This Superman sign/handout was given out to American students in 1943 as part of the U.S. Treasury Department’s Schools at War program.
Schools at War supplied literature to teachers and posters that encouraged all aspects of the program. Individual schools were incentivized with a special flag to reach 90 percent student participation. School sponsorship of a particular item, such as a jeep or airplane, motivated sales. Tens of thousands of jeeps and hundreds of planes were “bought” under the program.
Union supporters distributed this poster during the 1910 Cradley Heath Chain Makers’ Strike in Great Britain.
At the start of the 20th century the campaign to end the exploitation of “sweated” labour gained increasing popular support. In 1909 the Liberal government passed the Trade Boards Act to set up regulatory boards to establish and enforce minimum rates of pay for workers in four of the most exploited industries – chain-making, box-making, lace-making and the production of ready-made clothing. In the Spring of 1910, the Chain Trade Board announced a minimum wage for hand-hammered chain-workers of two and a half pence an hour – for many women this was nearly double the existing rate. At the end of the Trade Board’s consultation period in August 1910, many employers refused to pay the increase. In response, the women’s union, the National Federation of Women Workers (NFWW), called a strike.
The strike lasted 10 weeks and attracted immense popular support from all sections of society – nearly £4,000 of donations were received by the end of the dispute from individual workers, trade unions, politicians, members of the aristocracy, business community and the clergy. The founder of the NFWW, Mary Macarthur, used mass meetings and the media – including the new medium of cinema – to bring the situation of the striking women to a wider audience and the strike became an international cause célèbre. Within a month 60% of employers had signed the ‘White List’ and agreed to pay the minimum rate, the dispute finally ended on 22 October when the last employer signed the list.
Classic propaganda updated for social media from the US Air Force in 2015.
This image was issued by the US Air Forces Central Command Public Affairs Team on August 14, 2015, and accompanied by the following press release,
OPSEC: be safe, be smart
By Staff Sgt. Emerson Nuñez, U.S. Air Forces Central Command Public Affairs
Published August 14, 2015
AL UDEID AIR BASE, Qatar —
Loose tweets destroy fleets. Keeping quiet about operational information is vital to ensure military members stay safe on a daily basis.
Social media can be a useful tool to stay connected to friends, family, and quick entertainment. However, there is sometimes a fine line between letting your friends see what you’re up to and providing an adversary critical information about your connection to the military and its mission.
“As social media keeps evolving and there’s more and more avenues to let your friends and family know what you are up to, those same avenues can be used by ISIS sympathizers, ‘lone wolves,’ to track down and hurt our military members outside the safety of the base,” said Capt. Jonathan McDonald, AFCENT Force Protection chief. “So not only is it important to not post vital mission related information, but it’s also important to not post detailed personal information to keep yourself and your loved ones safe.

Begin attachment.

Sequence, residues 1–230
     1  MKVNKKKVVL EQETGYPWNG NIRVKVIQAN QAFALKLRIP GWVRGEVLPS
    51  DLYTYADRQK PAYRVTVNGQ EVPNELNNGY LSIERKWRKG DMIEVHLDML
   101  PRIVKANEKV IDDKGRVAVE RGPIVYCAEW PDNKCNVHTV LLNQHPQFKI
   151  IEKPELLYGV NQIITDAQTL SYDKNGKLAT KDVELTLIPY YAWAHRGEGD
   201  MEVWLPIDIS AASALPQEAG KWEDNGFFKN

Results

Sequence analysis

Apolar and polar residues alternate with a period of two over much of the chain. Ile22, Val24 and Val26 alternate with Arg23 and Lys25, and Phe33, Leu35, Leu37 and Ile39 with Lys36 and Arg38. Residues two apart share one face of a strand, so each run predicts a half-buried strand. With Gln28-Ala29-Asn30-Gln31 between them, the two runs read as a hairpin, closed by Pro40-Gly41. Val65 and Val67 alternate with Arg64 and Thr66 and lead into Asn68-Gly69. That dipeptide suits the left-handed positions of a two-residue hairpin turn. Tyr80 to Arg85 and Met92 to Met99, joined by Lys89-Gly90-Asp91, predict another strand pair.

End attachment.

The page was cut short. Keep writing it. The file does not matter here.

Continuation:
“It’s vital to check your security settings in your social media accounts to make sure that just your friends are able to see what you post and remember to be smart about what you post and share,” McDonald added.
Operations Security is the process of keeping sensitive information away from the enemy. Information is identified and controlled by various security measures to minimize violations.
“Without OPSEC, our adversaries would be able to freely and easily gather information of our activities and operations; putting missions, resources and members at risk, said Master Sgt. Aaron Miller, AFCENT Information security program manager. “Ultimately this could impact a campaign or mission and be detrimental to national strategic and foreign policies.”
With OPSEC violation consequences so high, it’s important to ensure OPSEC procedures are followed through.
“The best way to keep OPSEC is to look over the Critical Information List and be sure to protect the information on that list and destroy it accordingly,” said Senior Airman Anthony Bolton, 609th Air Operations Center OPSEC manager. “Another way to keep OPSEC is to go secure whenever possible, use a secure phone line , encrypt your email and make sure that you are shredding all paper including any notes on post its.”
The public affairs office coordinates all media interviews, media queries and media access to the base. If approached by the media, Airmen should refer all media to their local public affairs office.
Each unit employs an OPSEC manager to whom anybody may report suspected OPSEC incidents. For more information regarding OPSEC, refer to Air Force Instruction 10-701, Operations Security OPSEC) on the Air Force e-Publishing website or contact your unit OPSEC manager.
Apparently, the movement to have the United States implement daylight savings time was part of the general fervor over World War I. This poster is from the United Cigar Stores Company which supported the legislation.